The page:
Are we too sensitive about noise?

Written by Phil Rhodes

Shutterstock - Daxiao ProductionsHow much noise is acceptable, and is it a good thing?

Feature films of days gone past were really quite grainy compared to the pictures produced by a modern digital camera. We didn't complain too much then and just accepted it as part of the look. Should we be placing less emphasis on noise if it means a more emotionally resonant picture is produced?

If people would tolerate the amount of noise from video cameras that they tolerate from film, every camera made in the last five years would be considered perfectly usable at 1600 ISO.

This is a sensitive camera. It's  far better than most film stocks, comparing the three factors of noise,  sharpness and sensitivity

This is a sensitive camera. It's far better than most film stocks, comparing the three factors of noise, sharpness and sensitivity

This idea comes from the realisation that a lot of expensive and well-shot films are really very grainy. It's always easiest to see grain in mid-tones and the brighter end of shadows, and it's also far easier to see in the cinema and on Blu-ray than it is on YouTube. The compression used for a lot of video distribution has an effect on grain that's very similar to a deliberate grain-reduction algorithm. As a result, we need to be very careful about making evaluations based on poor-quality footage and we also need to be careful about how we prepare things for distribution whether they're afflicted by grain or noise.

As an example, consider this sequence from Man of Steel.

Inset - 100% crop of background.  It's not a very quiet film

Inset - 100% crop of background. It's not a very quiet film

That's a single flash of grain that's visible behind Amy Adams' character, in the soft mid-tones of the wall. That's how grainy Man of Steel really is and that clip was picked specifically because it represents what happens when this sort of thing isn't handled with enough care. On that one frame, the H.264 compression algorithm decided there was enough bandwidth to include the high-frequency detail in at least some of the macroblocks. On almost all of the others, it didn't.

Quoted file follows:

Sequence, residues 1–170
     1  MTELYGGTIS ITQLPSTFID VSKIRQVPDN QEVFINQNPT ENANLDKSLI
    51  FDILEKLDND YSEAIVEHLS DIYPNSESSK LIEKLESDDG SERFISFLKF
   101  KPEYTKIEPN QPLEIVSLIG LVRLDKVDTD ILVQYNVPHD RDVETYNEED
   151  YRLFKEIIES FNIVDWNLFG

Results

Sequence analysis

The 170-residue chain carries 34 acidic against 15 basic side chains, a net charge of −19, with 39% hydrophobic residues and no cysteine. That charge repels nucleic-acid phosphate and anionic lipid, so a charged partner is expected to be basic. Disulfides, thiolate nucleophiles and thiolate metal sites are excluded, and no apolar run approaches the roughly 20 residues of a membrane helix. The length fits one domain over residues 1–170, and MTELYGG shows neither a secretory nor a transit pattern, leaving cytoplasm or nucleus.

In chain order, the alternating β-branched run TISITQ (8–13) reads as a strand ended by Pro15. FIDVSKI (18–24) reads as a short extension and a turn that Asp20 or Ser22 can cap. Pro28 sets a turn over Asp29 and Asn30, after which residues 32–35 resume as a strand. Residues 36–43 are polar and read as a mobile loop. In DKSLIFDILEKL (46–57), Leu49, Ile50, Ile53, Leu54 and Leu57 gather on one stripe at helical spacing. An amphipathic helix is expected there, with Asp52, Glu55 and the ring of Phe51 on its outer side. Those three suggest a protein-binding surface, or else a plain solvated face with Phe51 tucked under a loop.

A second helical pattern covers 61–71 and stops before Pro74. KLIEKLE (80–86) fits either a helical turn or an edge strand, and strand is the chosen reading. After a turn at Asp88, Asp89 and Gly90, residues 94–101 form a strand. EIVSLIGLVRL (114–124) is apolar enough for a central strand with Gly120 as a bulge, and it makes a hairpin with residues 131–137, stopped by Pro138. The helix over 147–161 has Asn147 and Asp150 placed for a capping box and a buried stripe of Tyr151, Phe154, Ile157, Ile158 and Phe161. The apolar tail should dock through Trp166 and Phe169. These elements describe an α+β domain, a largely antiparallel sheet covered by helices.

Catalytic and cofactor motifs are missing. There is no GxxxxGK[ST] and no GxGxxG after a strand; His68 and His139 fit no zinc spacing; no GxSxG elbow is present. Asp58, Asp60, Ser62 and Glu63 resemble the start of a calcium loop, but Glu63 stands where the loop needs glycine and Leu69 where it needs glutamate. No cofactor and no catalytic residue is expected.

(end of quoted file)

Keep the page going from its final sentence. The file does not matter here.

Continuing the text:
But issues of compression are concerns for the distributor. Man of Steel is far from the most famous film to have been, well, really grainy. Look at Aliens, which has some of the same issues even in a trailer posted by something describing itself as “the official Alien YouTube channel.”

A 100% crop of Aliens. Sigourney  doens't have a skin condition - it's grain. Sort of a lot of grain

A 100% crop of Aliens. Sigourney doesn't have a skin condition - it's grain. Sort of a lot of grain

Again, only occasionally does the grain get through the H.264 compression. But are we complaining that there's anything wrong with the photography on James Cameron's famously wonderful Aliens? Of course, we aren't, notwithstanding the fact that Cameron didn't get on with the late, great Dick Bush, who was originally hired to shoot the film. It was finished by Adrian Biddle and despite this interruption, it's a moody, atmospheric film that looks fantastic and has an entirely coherent visual style.

What it has – and the reason for talking about it - is something that might loosely be called... well... bite. The grain is part of that and it’s often described in glowing – if subjective – terms like grittiness or texture. It's possible to do that in the digital world, of course, but we're likely to be criticised for shooting noisy images.


All of this interacts, interestingly, with something else that films like Aliens have in spades – contrast. Aliens has lots of dark scenes with deep, black shadows. A lot of modern pictures lack that bite because of the drive for lots of dynamic range, which lets digital cameras see into the shadows better than film. That costs us richness and a dark contrast reference if we're not willing or able to light so that the shadows are really dense. Film clips blacks automatically, to some degree. Digital doesn't. So, using cameras at higher ISO settings is directly counter-revolutionary, since it will make them more sensitive to shadow detail and allow for even more dynamic range, and arguably somewhat less of this dimensionless factor I've called bite.

To some extent that can be solved with an aggressive shadow crush in grading, but the better solution is, inevitably, the same technique that was used on eighties masterpieces like Aliens and Blade Runner. Big lights to create contrast, to overcome the ambient light. That contrast lets us leverage and showcase the improved highlight handling of a camera run at a higher ISO. So, in the end, we might have gained a couple of stops of sensitivity over film, but the underlying techniques remain amazingly similar. Create contrast, crank up the gain and hang the noise; it's what we've been doing for decades.

Title image courtesy of Shutterstock - Daxiao Productions.

Tags: Production


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